Honor­ing the hand that rocks the cra­dle

The Enterprise - - Community Forum -

On Sun­day, as we do ev­ery year, fam­i­lies in St. Mary’s County will join the rest of the na­tion in cel­e­brat­ing their moth­ers.

Mother’s Day is pretty typ­i­cal across many house­holds: The day of­ten starts with break­fast in bed for mom, or maybe a fam­ily brunch, fol­lowed by gift giv­ing — which runs the gamut from spa cer­tifi­cates to “World’s Best Mom” T-shirts, to hand­made coupons that al­low mom to get out of do­ing some house­work for the day. For adults whose moth­ers no longer live close by, it might in­volve a phone call or, these days, a video chat, or maybe even a three-day week­end with a fam­ily trip.

And for oth­ers, it might in­volve a trip to a lo­cal ceme­tery and a prayer of re­mem­brance.

All of these are ex­cel­lent ways to honor or pay trib­ute to our moth­ers. But for those who plan to take the route of win­ing and din­ing their fam­ily ma­tri­archs this week­end, don’t let the gifts steal too much of the spot­light. Re­mem­ber the ori­gins of Mother’s Day and for whom this day is meant.

In fact, it was the com­mer­cial­iza­tion of Mother’s Day that ini­tially caused some con­tro­versy around the hol­i­day in its early years. His­tor­i­cal sources gen­er­ally credit Anna Jarvis with found­ing the trib­ute day, af­ter she cam­paigned for it fol­low­ing the death of her own mother. Pres­i­dent Woodrow Wil­son pro­claimed the sec­ond Sun­day in May as Mother’s Day in 1914.

But flower, candy and card com­pa­nies as well as char­i­ta­ble groups quickly seized the day as an op­por­tu­nity to reel in funds, and Jarvis, an­gered by this, ac­tu­ally spent the rest of her life try­ing to abol­ish the hol­i­day she’d cre­ated, or at the very least, re­store it to its orig­i­nal non-com­mer­cial­ized roots.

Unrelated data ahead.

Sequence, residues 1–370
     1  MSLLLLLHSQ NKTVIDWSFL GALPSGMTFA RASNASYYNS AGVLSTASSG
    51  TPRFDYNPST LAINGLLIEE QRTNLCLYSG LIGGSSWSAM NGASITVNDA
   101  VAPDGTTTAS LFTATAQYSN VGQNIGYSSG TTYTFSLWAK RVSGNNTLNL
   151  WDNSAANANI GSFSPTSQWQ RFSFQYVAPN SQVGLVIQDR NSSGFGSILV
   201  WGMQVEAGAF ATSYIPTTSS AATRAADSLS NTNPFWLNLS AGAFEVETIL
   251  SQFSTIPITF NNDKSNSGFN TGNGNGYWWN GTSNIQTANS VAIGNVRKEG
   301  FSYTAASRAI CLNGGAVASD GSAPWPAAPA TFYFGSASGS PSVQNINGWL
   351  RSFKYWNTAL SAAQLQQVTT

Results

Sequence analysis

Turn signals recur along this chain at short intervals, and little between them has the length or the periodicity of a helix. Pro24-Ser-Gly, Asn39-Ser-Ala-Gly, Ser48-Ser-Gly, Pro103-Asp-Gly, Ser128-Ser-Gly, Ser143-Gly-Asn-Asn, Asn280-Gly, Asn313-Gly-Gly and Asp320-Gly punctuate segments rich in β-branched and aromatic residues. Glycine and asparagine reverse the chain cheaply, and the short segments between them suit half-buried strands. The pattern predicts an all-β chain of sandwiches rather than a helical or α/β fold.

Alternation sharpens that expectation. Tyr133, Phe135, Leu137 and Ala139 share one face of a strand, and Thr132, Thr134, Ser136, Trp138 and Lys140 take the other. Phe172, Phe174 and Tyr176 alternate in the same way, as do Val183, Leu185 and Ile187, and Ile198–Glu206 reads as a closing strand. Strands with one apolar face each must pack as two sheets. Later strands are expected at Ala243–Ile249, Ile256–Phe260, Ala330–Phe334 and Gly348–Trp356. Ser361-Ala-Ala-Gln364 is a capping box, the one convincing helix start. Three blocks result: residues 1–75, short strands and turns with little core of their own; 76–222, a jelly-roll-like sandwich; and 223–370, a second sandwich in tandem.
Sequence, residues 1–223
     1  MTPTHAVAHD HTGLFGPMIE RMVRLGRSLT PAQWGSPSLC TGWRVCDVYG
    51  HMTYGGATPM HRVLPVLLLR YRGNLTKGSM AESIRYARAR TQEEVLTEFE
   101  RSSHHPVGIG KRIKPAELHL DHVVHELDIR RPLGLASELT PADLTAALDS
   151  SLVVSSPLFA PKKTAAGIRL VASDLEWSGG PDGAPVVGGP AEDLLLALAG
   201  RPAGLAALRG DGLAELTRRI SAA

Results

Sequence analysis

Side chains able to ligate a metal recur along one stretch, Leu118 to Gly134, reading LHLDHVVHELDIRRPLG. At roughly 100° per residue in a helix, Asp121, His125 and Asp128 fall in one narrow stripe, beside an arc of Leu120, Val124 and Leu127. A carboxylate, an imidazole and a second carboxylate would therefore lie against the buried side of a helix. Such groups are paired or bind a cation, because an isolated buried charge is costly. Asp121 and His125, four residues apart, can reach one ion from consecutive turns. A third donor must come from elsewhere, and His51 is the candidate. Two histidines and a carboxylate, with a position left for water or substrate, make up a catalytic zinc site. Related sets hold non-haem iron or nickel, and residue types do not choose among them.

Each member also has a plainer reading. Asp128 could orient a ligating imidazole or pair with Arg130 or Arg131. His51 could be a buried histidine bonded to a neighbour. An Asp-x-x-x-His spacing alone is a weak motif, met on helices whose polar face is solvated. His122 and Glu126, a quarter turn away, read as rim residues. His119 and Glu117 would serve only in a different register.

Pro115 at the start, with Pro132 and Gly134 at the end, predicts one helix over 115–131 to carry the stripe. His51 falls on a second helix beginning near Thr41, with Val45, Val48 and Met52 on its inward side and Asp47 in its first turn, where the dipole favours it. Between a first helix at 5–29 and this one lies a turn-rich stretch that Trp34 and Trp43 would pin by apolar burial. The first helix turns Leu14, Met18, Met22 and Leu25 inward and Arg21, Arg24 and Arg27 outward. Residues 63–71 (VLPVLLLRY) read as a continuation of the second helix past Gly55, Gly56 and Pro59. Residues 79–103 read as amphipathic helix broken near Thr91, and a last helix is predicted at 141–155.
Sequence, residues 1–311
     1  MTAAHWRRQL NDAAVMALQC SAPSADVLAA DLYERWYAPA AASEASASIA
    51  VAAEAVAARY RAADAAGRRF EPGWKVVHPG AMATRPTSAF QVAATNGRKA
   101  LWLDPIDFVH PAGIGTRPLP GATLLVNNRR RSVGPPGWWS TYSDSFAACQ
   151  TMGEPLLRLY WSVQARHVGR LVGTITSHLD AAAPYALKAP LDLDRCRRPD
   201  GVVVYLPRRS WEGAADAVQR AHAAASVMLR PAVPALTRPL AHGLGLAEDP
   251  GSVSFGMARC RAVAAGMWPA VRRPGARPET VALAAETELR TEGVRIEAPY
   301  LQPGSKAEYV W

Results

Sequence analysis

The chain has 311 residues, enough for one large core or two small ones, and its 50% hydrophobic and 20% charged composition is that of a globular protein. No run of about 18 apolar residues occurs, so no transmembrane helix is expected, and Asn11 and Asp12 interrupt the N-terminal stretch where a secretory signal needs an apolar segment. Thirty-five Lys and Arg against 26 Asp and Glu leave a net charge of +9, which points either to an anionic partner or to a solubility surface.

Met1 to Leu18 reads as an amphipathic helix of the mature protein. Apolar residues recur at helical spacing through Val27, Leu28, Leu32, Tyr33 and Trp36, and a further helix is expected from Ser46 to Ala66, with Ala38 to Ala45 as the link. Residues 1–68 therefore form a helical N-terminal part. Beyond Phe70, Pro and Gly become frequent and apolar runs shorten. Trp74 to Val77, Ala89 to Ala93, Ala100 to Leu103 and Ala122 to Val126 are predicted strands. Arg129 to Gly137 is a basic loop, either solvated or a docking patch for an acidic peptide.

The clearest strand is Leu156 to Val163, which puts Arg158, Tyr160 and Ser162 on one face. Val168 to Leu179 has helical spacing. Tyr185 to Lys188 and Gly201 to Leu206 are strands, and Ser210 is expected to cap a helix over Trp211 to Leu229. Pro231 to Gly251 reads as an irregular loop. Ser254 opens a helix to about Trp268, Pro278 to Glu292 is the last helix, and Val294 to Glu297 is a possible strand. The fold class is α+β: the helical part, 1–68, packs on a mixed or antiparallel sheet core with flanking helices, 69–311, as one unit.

“To have Mother’s Day the bur­den­some, waste­ful, ex­pen­sive gift day that Christ­mas and other spe­cial days have be­come, is not our plea­sure,” Jarvis wrote in the 1920s, ac­cord­ing to Na­tional Ge­o­graphic. “If the Amer­i­can peo­ple are not will­ing to pro­tect Mother’s Day from the hordes of money schemers that would over­whelm it with their schemes, then we shall cease hav­ing” the hol­i­day.

For Jarvis, Mother’s Day was a day set aside to visit with and thank our moth­ers. And to her credit, it still is, even if com­mer­cial­iza­tion of the spe­cial day was in­evitable in our con­sumer-driven econ­omy. This year, the Na­tional Re­tail Fed­er­a­tion es­ti­mates Mother’s Day spend­ing in the United States will reach $23.1 bil­lion, wi00th 86 per­cent of Amer­i­cans par­tic­i­pat­ing in the cel­e­bra­tion and dol­ing out an av­er­age of $180 each.

It may seem ex­treme to some, but we could also look at it as a tes­ta­ment to how ea­ger peo­ple are to find some tan­gi­ble way — that is, with a price tag — to show their moth­ers how much they mean to them and how grate­ful they are for all they’ve done for them.

And cer­tainly, it’s a huge booster day for the na­tion’s econ­omy and, we hope, for our lo­cal small busi­ness own­ers as well.

So by all means, shower Mom with gifts and treats this Sun­day. But don’t for­get to take the time to re­ally talk with her and spend time with her, and show her your ap­pre­ci­a­tion is from the heart and gen­uine.

That’s our mes­sage to all the sons and daugh­ters out there. And to all the moth­ers who’ve raised them, we rec­og­nize it’s of­ten a dif­fi­cult, ex­haust­ing and thank­less job, and we thank you for self­lessly do­ing it any­way. En­joy this day set aside strictly for you, and es­pe­cially en­joy the love — and gen­eros­ity — that comes with it.

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